Orbital neoplasms in cats: 21 cases (1974-1990)

Brian C. Gilger From the Departments of Small Animal Surgery and Medicine (Gilger, McLaughlin, Whitley) and Pathobiology (Wright), College of Veterinary Medicine, Auburn University, AL 36849- 5523.

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Susan A. McLaughlin From the Departments of Small Animal Surgery and Medicine (Gilger, McLaughlin, Whitley) and Pathobiology (Wright), College of Veterinary Medicine, Auburn University, AL 36849- 5523.

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R. David Whitley From the Departments of Small Animal Surgery and Medicine (Gilger, McLaughlin, Whitley) and Pathobiology (Wright), College of Veterinary Medicine, Auburn University, AL 36849- 5523.

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James C. Wright From the Departments of Small Animal Surgery and Medicine (Gilger, McLaughlin, Whitley) and Pathobiology (Wright), College of Veterinary Medicine, Auburn University, AL 36849- 5523.

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Summary

Squamous cell carcinoma was the most common neoplasm found in a review of case records of 21 cats with histopathologically confirmed orbital neoplasms. Other neoplasms found were lymphosarcoma, undifferentiated carcinoma, malignant melanoma, adenocarcinoma, fibrosarcoma, chondroma, and hemangiosarcoma. Three (14%) neoplasms were primary, 15 (71%) were secondary, invading the orbit from adjacent tissues, and 3 (14%) were a manifestation of multicentric disease. The most common clinical sign was exophthalmia, followed by chronic epiphora, enophthalmia, and strabismus. Mean survival time after diagnosis was 1.9 months. Ten cats were euthanatized at the time of diagnosis because of extensive disease. Mean survival time of the other 11 cats was 4.3 months. Skull radiography was helpful in diagnosing orbital neoplasms in 8 of 11 cats that had invasion of the orbit by adjacent neoplasms.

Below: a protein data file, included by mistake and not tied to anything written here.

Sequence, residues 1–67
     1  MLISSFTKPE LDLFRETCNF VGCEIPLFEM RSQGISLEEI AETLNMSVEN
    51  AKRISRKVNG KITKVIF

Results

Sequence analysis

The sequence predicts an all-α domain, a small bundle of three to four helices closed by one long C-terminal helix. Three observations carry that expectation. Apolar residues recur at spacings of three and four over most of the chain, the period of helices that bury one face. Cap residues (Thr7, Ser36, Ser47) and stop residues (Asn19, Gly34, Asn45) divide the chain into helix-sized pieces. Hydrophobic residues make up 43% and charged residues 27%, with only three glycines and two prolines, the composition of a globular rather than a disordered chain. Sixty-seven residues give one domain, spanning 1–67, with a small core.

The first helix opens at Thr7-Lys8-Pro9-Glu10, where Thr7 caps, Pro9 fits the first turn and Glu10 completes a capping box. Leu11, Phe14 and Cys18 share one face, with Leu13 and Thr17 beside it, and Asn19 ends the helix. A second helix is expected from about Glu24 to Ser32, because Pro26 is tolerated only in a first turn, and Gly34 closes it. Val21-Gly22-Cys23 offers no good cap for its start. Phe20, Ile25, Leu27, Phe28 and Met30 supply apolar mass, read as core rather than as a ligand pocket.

Summary

Squamous cell carcinoma was the most common neoplasm found in a review of case records of 21 cats with histopathologically confirmed orbital neoplasms. Other neoplasms found were lymphosarcoma, undifferentiated carcinoma, malignant melanoma, adenocarcinoma, fibrosarcoma, chondroma, and hemangiosarcoma. Three (14%) neoplasms were primary, 15 (71%) were secondary, invading the orbit from adjacent tissues, and 3 (14%) were a manifestation of multicentric disease. The most common clinical sign was exophthalmia, followed by chronic epiphora, enophthalmia, and strabismus. Mean survival time after diagnosis was 1.9 months. Ten cats were euthanatized at the time of diagnosis because of extensive disease. Mean survival time of the other 11 cats was 4.3 months. Skull radiography was helpful in diagnosing orbital neoplasms in 8 of 11 cats that had invasion of the orbit by adjacent neoplasms.

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